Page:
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    What’s great about the Pokémon Sun’s Lycanroc day form is that this guy is a speedster in the realm of slow tanks. A Jolly nature is recommended, since it boosts Lycanroc’s speed even higher and it’s special attack stat is naturally low anyway. My Hachiko is a Careful nature, which work as well since it favors special defense and lowers special attack. I recommend going with moves that compliment that. Accelerock isn’t bad, as its Lycanroc’s signature move, but it doesn’t do the most damage. I went with Stone Edge and Rock Slide, for STAB and the chance of Stone Edge landing a critical hit and Rock Slide making an opponent flinch. Rock Climb is also part of Hachiko’s move set, due to its possibility to confuse a target. I also have Rock Tomb, so it’ll lower the opponent’s speed.

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    Now, I know this is supposed to be about Pokémon Sun exclusives, but I can’t go through this without saluting Mimikyu. Mimikyu is a fantastic Pokémon. Its Disguise ability works wonderfully either to test the waters in a battle by having it first in line or should you need to switch Pokémon mid-fight. It’s only weak against ghost and steel types. It has high special defense, attack, speed, and defense. My Mimicute’s Naive, which boosted her speed further and means she often gets in the first hit, without hurting her special defense too badly. At level 74, her attack’s 190, speed’s 181, special defense’s 168, defense’s 147, and special attack’s 107. What’s great about Mimikyu is that it learns some amazing moves, so many that I didn’t find I needed to supplement Mimicute’s lineup with TMs. She has Pain Split, in case she does get hit, the beastly Play Rough attack, Shadow Claw for when she encounters other ghosts, and Leech Life to restore her health in case she does get hit. Out of all the Pokémon I have, she’s never fainted. Mimikyus are very good, very precious babies.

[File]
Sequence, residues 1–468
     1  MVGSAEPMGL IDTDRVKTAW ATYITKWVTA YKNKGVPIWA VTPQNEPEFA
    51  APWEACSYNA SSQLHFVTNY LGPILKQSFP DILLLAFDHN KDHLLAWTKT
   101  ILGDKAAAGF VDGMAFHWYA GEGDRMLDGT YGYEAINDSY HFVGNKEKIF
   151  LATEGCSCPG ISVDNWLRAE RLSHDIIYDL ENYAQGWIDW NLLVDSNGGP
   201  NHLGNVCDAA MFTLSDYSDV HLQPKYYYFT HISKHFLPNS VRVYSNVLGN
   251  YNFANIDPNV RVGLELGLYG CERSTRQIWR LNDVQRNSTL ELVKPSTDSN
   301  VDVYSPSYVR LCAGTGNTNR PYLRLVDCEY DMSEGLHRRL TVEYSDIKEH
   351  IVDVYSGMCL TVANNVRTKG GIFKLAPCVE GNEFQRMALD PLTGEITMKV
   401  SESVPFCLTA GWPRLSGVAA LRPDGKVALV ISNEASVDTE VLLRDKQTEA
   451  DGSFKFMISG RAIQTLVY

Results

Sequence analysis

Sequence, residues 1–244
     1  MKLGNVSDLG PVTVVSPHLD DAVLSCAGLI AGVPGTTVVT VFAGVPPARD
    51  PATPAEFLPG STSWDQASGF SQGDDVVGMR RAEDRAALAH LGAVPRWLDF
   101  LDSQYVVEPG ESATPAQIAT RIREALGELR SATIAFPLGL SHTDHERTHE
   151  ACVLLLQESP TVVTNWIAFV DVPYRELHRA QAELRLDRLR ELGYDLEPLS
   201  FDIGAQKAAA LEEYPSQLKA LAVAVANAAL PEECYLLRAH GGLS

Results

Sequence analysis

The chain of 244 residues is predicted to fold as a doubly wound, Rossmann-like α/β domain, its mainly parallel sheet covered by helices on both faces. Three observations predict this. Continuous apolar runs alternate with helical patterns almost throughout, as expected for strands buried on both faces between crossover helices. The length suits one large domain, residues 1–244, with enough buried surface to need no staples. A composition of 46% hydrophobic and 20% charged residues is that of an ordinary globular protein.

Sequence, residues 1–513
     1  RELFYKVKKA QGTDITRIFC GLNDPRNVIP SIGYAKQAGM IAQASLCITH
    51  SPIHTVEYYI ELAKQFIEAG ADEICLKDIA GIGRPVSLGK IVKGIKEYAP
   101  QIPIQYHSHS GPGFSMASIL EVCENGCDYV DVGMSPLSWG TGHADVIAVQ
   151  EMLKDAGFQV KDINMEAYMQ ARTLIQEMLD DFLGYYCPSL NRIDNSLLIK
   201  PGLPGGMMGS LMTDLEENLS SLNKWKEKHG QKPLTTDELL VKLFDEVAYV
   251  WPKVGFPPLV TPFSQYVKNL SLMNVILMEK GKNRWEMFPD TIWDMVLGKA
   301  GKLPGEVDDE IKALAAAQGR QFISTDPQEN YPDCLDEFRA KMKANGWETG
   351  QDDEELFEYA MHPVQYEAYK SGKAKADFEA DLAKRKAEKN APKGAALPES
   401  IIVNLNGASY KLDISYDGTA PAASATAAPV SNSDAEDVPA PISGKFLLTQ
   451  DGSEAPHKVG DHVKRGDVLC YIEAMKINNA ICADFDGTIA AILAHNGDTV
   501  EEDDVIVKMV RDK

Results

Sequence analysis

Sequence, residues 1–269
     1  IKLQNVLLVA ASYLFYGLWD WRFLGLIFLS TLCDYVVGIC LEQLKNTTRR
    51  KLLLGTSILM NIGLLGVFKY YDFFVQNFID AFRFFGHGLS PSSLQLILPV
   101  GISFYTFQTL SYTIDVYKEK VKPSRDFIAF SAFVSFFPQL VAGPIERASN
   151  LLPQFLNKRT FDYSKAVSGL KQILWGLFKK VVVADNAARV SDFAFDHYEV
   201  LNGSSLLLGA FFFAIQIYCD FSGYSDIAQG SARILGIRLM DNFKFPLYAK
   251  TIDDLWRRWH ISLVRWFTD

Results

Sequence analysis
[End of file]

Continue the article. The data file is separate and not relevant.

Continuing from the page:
You’re going to find a lot of cool Pokémon in Pokémon Sun and Moon. Maybe a version exclusive will be the best fit for your time. Maybe it won’t. It never hurts to at least get Pokémon Sun’s exclusives for the sake of completion. Then, once you get to the post-game and have time to train, go ahead and see if you can find a good place for Turtonator, Alolan Ninetails, or the day form of Lycanroc.

    Pokémon Sun and Moon are available for the Nintendo 3DS.

    Read more stories about Nintendo 3DS & Pokémon Moon & Pokémon Sun on Siliconera.


    Video game stories from other sites on the web. These links leave Siliconera.